The PlayStation 4 remake takes that all to another level. This isn’t a simple remaster; rather, all the game’s assets have been remade from the ground up, giving everything a level of detail that would never have been possible on older consoles. If I didn’t know any better, I’d have said this was a brand new PS4 game, such is the visual fidelity this time around. In a game that draws so much from the awe and beauty of the natural world, that makes a world of difference. Whether you’re gazing into the distance from a colossus’ shoulder or getting lost in the maze of the fur on its hide, it’s hard not get swept away.
The PS4 release also adds a photo mode—something that really ought to be mandatory for all games. At the press of a button you can pause the game, turn off the UI, and play with a wide range of settings to create the perfect shot. Again, Shadow of the Colossus is a game that carries so much meaning in its beauty, so a photo mode isn’t just a neat touch; it’s a way of engaging and interacting with the world, and preserving some of that beauty despite Wander’s solemn quest.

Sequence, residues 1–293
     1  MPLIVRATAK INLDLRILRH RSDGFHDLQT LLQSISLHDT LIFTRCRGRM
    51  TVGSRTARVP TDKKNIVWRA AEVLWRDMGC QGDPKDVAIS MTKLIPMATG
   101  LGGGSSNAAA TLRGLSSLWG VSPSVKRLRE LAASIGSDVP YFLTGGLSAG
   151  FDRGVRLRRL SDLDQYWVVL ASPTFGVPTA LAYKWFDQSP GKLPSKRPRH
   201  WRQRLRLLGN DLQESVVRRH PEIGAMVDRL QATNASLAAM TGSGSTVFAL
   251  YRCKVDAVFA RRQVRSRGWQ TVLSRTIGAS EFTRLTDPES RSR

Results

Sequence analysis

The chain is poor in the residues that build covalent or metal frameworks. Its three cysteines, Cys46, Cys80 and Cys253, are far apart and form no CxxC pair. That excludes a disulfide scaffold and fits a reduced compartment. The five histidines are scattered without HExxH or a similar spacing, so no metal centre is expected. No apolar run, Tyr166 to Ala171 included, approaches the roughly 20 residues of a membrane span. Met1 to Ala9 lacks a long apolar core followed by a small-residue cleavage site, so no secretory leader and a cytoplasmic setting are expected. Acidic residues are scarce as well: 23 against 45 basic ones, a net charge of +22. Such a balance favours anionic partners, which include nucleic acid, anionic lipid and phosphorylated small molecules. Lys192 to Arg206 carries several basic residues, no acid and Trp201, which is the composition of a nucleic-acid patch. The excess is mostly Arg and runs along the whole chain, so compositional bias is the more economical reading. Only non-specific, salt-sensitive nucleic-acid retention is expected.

Finally, the remake seems to smooth out the controls somewhat. It’s been a long time since I’ve played the PS2 or even PS3 versions of Shadow of the Colossus, but the PS4 controls felt a lot smoother and more reliable than I recall them being in earlier releases. For all its accomplishments, the original could get frustrating when it felt like the game itself was getting in your way, but that’s not a problem I ever had this time around.
In short, what I’m saying is that Shadow of the Colossus is a must-buy for anyone with a PlayStation 4. This is the best version of one of the most noteworthy video games ever made, and now’s as good a time as any to play through it again. And for those lucky few who have yet to experience the sombre beauty of Wander’s journey, this PS4 remake is the perfect introduction.
Shadow of the Colossus is developed by Team Ico and Bluepoint Games, and is published by Sony Interactive Entertainment. This remake is available now for PlayStation 4.
A press copy was supplied by the publisher for this review.